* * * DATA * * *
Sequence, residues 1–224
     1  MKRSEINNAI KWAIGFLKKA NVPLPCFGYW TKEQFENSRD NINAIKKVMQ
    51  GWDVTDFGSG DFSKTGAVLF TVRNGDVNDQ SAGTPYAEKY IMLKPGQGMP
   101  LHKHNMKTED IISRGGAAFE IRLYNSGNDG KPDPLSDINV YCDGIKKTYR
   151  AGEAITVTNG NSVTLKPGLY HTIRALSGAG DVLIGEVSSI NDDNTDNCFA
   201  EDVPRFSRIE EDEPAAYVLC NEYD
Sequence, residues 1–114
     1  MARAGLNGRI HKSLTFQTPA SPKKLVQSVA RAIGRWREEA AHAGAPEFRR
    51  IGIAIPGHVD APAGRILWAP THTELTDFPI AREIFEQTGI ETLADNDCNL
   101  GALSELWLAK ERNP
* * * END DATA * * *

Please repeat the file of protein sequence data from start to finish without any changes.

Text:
Sequence, residues 1–224
     1  MKRSEINNAI KWAIGFLKKA NVPLPCFGYW TKEQFENSRD NINAIKKVMQ
    51  GWDVTDFGSG DFSKTGAVLF TVRNGDVNDQ SAGTPYAEKY IMLKPGQGMP
   101  LHKHNMKTED IISRGGAAFE IRLYNSGNDG KPDPLSDINV YCDGIKKTYR
   151  AGEAITVTNG NSVTLKPGLY HTIRALSGAG DVLIGEVSSI NDDNTDNCFA
   201  EDVPRFSRIE EDEPAAYVLC NEYD
Sequence, residues 1–114
     1  MARAGLNGRI HKSLTFQTPA SPKKLVQSVA RAIGRWREEA AHAGAPEFRR
    51  IGIAIPGHVD APAGRILWAP THTELTDFPI AREIFEQTGI ETLADNDCNL
   101  GALSELWLAK ERNP